Bristol pumps it up
A critical pumping station for the Bristol area required new storm pumps and a screening chamber. Trant Construction¡¦s M&E project manager, Simon Whaley, explains the installation
Ashton Avenue Sewage Pumping Station (SPS) is one of Wessex Water’s critical pumping stations.
It is contained within a steel palisade fence with its own access road off Clift House Road, Cumberland Basin, with the highway to the south of the station, and, to the west, Bristol City Central Park.
The east side is bounded by a warehouse and garden centre, and on the north side is the River Avon. Ashton Avenue SPS was originally commissioned in July 1970. The incoming gravity sewer to the SPS is a 3.6m by 3.6m box culvert and takes the majority of the flow from southern Bristol – the Malago Drainage Area Plan catchment.
Prior to project commencement the existing works consisted of the following:
- Free dry weather flow (DWF) pumps, which lifted the foul sewage up into the Southern Foul Water Interceptor (SFWI) were replaced in 1994 and the fourth pump was refurbished. These were three dry-well submersible pumps, and a centrifugal-flow pump with the motor located at ground level. The fifth pump was abandoned.
- The theoretical pumped forward flow to treatment (FFT), delivered by the DWF pumps, was 2,150l/s including two 65kW pumps at 650l/s plus one 70kW pump at 850l/s; duty/ assist/assist, with another 850l/s pump on standby. This flow was pumped up in to the SFWI box culvert (2.51m wide x 2.13m high) for onward flow to Avonmouth Sewage Treatment Works for treatment.
- There were three storm pumps, wet-well axial flow pumps, shaft-driven with 200kW motors located at ground level. These pumps were each rated at 1,700l/s and normally operated duty/assist/standby. These pumps were original from 1970.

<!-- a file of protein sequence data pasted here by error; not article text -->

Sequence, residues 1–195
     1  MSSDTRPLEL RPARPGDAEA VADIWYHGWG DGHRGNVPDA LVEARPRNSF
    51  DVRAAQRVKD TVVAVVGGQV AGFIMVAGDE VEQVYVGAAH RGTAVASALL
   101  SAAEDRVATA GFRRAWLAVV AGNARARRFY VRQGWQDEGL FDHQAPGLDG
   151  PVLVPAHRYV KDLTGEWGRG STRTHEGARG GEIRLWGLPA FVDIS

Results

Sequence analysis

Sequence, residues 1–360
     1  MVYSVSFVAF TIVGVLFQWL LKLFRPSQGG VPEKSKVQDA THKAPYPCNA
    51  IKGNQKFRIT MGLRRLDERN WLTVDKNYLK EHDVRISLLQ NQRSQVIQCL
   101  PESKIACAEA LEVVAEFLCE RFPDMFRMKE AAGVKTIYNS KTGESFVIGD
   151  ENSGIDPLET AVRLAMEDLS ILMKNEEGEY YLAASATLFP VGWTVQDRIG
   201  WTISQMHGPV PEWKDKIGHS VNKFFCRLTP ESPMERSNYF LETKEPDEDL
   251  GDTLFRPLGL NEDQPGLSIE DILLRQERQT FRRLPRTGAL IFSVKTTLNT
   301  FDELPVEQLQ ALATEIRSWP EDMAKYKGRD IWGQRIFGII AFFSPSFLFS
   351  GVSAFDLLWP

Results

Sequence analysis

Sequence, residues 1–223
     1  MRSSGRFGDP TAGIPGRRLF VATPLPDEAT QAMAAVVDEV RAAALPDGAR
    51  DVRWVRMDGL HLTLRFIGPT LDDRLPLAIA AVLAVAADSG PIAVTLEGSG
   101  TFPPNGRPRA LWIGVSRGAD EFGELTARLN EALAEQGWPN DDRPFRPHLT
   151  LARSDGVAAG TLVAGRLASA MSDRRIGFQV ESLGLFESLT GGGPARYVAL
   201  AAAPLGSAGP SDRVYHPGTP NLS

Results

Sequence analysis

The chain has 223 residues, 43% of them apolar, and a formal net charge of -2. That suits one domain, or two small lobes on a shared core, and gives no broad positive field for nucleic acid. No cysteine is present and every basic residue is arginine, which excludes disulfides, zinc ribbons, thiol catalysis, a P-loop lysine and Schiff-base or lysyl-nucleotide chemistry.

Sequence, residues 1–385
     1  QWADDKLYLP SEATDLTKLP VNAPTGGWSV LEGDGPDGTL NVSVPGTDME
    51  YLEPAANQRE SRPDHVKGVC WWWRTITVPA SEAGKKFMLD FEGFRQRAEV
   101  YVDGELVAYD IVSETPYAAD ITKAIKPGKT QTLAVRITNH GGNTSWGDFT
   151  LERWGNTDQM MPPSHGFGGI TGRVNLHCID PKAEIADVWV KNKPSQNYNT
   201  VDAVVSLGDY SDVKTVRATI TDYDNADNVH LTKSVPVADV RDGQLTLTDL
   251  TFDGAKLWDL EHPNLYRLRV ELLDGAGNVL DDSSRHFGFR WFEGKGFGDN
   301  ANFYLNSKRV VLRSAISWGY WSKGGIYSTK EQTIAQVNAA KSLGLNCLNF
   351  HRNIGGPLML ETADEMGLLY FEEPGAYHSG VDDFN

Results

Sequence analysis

- There were three abandoned comminutors upstream of the DWF pumps, thus there was no screening whatsoever of any flows at this station.
A revised discharge consent was issued by the Environment Agency (EA) for compliance in December 2011. One of the conditions stated: “Storm sewage, and sewage discharged in an emergency, for all flows up to a one-in-five year return period shall pass through 6mm, 2D, autocleaning screens. Screenings are to be removed from this storm discharge.”
The pumping station (PS) refurbishment required each of the existing (1994) DWF pumps to be removed, cleaned, motors checked, rewound if necessary and new impellers installed.
This work was phased, with one pump being removed at a time, involving close interface with Trant, Wessex Engineering & Construction Services (WECS) and Wessex Water’s commissioning and operations team.
Two new submersible volute pumps from Bedford Pumps, with associated pipework and valves, were also installed by Trant, to provide greater security and capacity to the pumping station. The existing storm pumps were isolated and removed. Removal of the old storm pumps, together with installation of the new, required careful programming to ensure that the pumping station remained fully operational during a storm event. The new installation consists of three new Bedford storm pumps,operating as duty/assist/assist.
These are mixed-flow ¡¥canister¡¦ pumps with submerged motors and are supplied with pump condition monitors and a ¡¥latch lift¡¦ lifting system to ensure speed, efficiency and cost savings when removing or installing the pumps.
Each pump is rated at 2,500l/s at 8m static head (approximately 10.6m total design head), complete with variable speed drives.